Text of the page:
Certain plants just have a bigger following than others. Perhpas it's shape, color, blossom time…
Rural New Hampshire Features Victorian Garden
For years people have been telling me about The Fells in the Lake Sunapee area in Newbury, New Hampshire.
John M. Hay, who once served as secretary to President Abraham Lincoln, built a summer house and garden which he then called The Fells.
Last week I drove up to The Fells to check it out for myself.
The Fells history begins in 1891 when Mr. Hay, later Secretary of State, buys the property.
Today the property features a 22-room Colonial Revival House with several gardens. I loved the gardens because they represent the garden fashion of the late 19th and early 20th centuries
The Old Garden, built in 1909, was the estate’s first signficant garden space, with three formal walled rooms in the woods. [below]. Since this garden grew in shade, I saw plants like ginger, Japanese painted fern, pulmonaria, and ferns.
This garden, built with straight lines and beautiful plants and tall trees, felt peaceful and provided a sense of relaxation.
There were other gardens on the property as well, like the Rose garden near the house that now includes the beautiful lisianthus in several spots in full bloom.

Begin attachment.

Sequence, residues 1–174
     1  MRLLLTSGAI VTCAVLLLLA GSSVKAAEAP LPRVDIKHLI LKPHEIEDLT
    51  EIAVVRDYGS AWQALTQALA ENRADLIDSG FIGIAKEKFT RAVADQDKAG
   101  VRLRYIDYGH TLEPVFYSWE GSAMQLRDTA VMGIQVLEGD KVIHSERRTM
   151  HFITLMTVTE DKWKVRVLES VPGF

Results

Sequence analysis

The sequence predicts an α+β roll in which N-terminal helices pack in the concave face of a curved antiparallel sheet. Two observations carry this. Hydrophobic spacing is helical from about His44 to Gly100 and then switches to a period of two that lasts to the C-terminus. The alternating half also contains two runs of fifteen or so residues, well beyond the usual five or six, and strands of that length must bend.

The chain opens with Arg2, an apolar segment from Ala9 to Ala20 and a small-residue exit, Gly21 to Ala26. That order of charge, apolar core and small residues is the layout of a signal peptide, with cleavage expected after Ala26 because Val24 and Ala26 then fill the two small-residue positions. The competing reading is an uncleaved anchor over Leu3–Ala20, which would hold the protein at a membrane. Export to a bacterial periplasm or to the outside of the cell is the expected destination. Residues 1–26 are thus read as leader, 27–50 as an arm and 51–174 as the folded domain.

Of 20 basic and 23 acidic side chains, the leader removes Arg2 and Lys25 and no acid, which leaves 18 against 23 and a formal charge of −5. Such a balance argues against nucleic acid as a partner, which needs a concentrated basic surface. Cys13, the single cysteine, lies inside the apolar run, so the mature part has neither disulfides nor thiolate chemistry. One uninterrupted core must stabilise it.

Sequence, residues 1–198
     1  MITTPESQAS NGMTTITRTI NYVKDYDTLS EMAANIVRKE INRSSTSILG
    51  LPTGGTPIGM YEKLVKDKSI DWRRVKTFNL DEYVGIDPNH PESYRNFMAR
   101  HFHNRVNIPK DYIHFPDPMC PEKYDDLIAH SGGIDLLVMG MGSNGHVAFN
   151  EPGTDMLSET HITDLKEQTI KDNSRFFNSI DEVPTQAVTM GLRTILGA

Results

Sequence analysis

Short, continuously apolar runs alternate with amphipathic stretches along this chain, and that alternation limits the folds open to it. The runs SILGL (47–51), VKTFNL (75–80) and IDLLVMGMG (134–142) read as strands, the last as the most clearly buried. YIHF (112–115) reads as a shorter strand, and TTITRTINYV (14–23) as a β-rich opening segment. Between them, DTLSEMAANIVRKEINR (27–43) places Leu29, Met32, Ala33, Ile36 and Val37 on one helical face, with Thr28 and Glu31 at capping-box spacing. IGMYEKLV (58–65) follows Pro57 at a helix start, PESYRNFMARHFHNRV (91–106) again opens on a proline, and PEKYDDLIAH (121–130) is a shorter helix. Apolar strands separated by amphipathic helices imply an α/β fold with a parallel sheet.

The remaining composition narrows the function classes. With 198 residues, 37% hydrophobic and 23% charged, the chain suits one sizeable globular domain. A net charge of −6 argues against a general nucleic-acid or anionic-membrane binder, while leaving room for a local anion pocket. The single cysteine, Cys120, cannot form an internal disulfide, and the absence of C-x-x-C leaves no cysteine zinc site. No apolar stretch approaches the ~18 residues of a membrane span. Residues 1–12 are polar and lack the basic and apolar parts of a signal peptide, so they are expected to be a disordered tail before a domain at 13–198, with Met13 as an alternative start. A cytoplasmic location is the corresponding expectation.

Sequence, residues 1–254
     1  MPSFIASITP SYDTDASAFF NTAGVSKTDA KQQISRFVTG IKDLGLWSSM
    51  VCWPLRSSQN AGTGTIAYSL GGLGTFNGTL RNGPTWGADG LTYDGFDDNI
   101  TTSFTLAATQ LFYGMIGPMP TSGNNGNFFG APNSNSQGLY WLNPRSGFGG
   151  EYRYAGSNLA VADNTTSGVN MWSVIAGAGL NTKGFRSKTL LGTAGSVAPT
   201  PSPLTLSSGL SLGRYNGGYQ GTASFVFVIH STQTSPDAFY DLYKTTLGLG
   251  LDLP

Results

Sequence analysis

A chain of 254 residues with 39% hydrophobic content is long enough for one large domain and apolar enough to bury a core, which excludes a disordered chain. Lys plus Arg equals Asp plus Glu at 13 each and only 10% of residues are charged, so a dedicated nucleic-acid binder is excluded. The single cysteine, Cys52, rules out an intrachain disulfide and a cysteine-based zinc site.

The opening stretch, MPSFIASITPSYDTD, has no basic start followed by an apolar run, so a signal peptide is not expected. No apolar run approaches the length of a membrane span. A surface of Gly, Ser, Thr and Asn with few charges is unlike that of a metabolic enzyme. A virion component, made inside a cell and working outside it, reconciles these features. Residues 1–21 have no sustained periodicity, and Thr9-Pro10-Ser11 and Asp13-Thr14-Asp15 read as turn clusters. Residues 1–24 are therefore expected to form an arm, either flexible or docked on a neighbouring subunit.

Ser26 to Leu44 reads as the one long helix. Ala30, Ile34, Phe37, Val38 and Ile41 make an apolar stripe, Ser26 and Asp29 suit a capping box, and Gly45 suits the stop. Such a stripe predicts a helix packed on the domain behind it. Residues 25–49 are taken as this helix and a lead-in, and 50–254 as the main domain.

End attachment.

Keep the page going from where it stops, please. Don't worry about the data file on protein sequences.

A few feet away I found the rock garden which was planted by the grandson of John M. Hay. This third generation gardener used over 600 species of alpine plants. I walked its rock path to the bottom of the garden. Most enjoyable. The plants are all thriving on that hillside.
A 130-foot perennial border lines the front lawn. It features a beautiful selection of plants that provide bloom most of the summer and into the fall. Such borders were in fashion at the turn of century, especially since English garden designers Gertrude Jekyll and William Robinson recommended them.
Beyond the front wall of the house you see an extensive meadow that is home to birds and monarch butterflies.
The trees that border the property along the shore of Sunapee Lake have grown so high now that it is difficult to see the lake in the background. At times I was able to snatch a peak. In the nineteenth century a boat would bring summer residents from the local train station to their homes.
There is a stone parking area behind the house, and on one side, enclosed in a canopy of small trees, you see a white statue of Hebe, cup-bearer of the gods. [below]
The trip was well worth it. What a garden this is. All I heard about The Fells turned out to be true.
This garden today is well maintained and continues as a tribute to the three generations of the Hay family who built it.